Fam Law: Child Custody and Support
If you’re looking for resources about child custody cases, chances are you’re looking for answers, support and guidance from a great family law attorney. Our dedicated Moultrie legal team at Kirbo Law Firm have organized a good amount of info to help guide you through this tough time. We know how important family is, and the need to protect your children. Take the time to research and read everything you can so you know what to expect as you move through this difficult time. We can start with the basics.
The Different Types of Custody
Physical and Legal Custody
Physical custody is generally given to one parent whose child lives with them full time. Legal custody is shared with the non-custodial parent in which both parents have the right to make decisions about the child’s education, religion,health care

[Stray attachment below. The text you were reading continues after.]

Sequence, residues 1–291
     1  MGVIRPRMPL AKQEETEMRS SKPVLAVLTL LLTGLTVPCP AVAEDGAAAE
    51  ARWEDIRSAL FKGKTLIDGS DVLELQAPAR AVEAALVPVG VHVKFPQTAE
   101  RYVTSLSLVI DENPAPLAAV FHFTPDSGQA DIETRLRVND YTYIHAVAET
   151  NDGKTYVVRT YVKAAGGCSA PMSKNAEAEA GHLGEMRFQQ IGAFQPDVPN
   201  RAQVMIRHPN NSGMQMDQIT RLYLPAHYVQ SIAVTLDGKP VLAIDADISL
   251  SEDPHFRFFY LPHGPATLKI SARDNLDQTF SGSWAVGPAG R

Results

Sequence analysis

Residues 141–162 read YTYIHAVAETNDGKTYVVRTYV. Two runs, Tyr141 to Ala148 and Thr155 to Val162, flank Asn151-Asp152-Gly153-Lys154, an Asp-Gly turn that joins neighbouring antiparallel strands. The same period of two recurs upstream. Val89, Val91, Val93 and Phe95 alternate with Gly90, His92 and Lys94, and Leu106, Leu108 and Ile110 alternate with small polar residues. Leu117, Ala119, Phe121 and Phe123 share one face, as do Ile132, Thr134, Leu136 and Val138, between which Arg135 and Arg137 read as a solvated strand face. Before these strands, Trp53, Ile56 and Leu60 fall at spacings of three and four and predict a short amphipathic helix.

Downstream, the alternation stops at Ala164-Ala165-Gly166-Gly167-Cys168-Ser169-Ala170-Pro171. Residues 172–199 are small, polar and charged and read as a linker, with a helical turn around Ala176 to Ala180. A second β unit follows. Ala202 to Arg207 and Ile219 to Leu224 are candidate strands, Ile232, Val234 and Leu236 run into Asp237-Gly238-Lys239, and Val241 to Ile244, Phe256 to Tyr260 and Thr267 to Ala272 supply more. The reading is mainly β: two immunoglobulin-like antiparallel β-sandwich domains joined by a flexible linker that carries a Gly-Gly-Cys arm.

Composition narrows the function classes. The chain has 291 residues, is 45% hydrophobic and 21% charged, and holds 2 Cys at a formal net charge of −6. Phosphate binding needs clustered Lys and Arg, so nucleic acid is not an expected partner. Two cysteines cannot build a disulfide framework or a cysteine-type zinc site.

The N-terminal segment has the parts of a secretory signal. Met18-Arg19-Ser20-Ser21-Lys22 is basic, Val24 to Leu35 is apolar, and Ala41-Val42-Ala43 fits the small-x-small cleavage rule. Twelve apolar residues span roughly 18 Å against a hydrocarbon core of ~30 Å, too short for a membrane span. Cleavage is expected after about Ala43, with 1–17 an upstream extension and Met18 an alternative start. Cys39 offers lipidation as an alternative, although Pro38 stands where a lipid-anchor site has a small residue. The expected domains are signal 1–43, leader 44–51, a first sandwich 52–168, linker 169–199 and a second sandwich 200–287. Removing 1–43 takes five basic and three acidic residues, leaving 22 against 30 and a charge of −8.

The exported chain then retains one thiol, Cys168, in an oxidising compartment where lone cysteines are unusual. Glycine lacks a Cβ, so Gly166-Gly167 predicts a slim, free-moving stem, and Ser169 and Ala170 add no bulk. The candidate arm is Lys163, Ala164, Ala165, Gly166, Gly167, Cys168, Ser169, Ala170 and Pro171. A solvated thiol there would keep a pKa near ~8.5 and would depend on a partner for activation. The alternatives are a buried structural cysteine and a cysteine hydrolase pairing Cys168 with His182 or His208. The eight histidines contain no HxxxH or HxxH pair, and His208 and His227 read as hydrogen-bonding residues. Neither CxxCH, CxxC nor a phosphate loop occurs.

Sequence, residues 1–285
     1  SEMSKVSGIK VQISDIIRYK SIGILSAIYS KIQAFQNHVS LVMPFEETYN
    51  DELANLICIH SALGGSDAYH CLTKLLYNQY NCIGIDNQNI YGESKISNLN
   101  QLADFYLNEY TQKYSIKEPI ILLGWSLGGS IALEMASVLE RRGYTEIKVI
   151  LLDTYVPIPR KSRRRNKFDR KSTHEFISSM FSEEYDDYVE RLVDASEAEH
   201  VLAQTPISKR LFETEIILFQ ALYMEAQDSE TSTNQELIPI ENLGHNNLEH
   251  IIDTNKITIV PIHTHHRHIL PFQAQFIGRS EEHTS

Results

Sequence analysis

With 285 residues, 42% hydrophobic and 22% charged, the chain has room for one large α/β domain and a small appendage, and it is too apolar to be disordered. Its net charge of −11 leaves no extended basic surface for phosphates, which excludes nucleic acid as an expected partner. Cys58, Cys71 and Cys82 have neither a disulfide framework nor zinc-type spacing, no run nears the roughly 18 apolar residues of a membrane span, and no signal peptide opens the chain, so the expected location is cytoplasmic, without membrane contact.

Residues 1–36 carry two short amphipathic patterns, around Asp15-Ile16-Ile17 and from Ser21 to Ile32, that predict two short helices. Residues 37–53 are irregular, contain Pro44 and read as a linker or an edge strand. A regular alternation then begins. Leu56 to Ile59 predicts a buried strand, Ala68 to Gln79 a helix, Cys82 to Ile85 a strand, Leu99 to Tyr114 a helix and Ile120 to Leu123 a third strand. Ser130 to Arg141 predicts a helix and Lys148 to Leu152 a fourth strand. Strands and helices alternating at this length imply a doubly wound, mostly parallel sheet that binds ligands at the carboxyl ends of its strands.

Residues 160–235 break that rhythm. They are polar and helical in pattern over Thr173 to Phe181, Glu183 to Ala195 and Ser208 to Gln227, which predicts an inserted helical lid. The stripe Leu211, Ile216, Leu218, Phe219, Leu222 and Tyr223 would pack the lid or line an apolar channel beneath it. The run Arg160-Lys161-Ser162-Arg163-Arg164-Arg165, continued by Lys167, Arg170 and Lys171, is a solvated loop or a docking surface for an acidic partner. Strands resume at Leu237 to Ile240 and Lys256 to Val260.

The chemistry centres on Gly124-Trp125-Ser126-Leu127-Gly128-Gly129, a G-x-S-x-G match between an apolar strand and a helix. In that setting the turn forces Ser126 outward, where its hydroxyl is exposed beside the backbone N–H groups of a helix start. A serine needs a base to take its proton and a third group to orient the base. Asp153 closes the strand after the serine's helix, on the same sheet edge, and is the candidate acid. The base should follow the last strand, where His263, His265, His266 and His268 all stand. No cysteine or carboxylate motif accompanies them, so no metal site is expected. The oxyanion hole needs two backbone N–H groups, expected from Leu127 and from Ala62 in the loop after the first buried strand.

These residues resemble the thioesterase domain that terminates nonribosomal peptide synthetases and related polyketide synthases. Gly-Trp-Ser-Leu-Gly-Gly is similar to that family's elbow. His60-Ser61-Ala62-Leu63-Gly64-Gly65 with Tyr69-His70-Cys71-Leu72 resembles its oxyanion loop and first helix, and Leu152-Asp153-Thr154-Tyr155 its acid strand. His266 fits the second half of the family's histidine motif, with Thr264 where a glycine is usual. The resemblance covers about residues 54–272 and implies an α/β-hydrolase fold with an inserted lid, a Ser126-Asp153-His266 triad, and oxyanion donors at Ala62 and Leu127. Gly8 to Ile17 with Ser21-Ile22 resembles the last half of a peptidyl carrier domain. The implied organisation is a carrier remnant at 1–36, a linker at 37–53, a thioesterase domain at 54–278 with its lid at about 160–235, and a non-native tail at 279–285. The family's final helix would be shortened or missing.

This occurs when a parent gets full custody of their child, this occurs most often when the other parent is abusive or absent.
Joint Custody is when a child spends equal or almost equal amount of time with both parents. Joint custody is the cause of some controversy and is only allowed if both parents can cooperate and make joint decisions in the child’s best interest.
Split custody occurs in the instance of several children in which one parent has physical custody of some of the children and the other parent has physical custody of the others. This is generally considered an unfavorable option.
If the parents are not married, the mother wins custody unless the father takes additional measures to be granted custody.
Factors in deciding custody
- What the child wants, depending on his/her age and maturity
- Age and sex of the child
- Health of the parents
- Relationship with others who reside in the house
- Stable home environment
- Any evidence of parental drug, sex, emotional, or alcohol abuse
Responsibilities of the Custodial parent
- Keeping the child in good hygiene
- Teaching them basic necessities. For example, walking, talking, reading, writing,
- Feeding the Child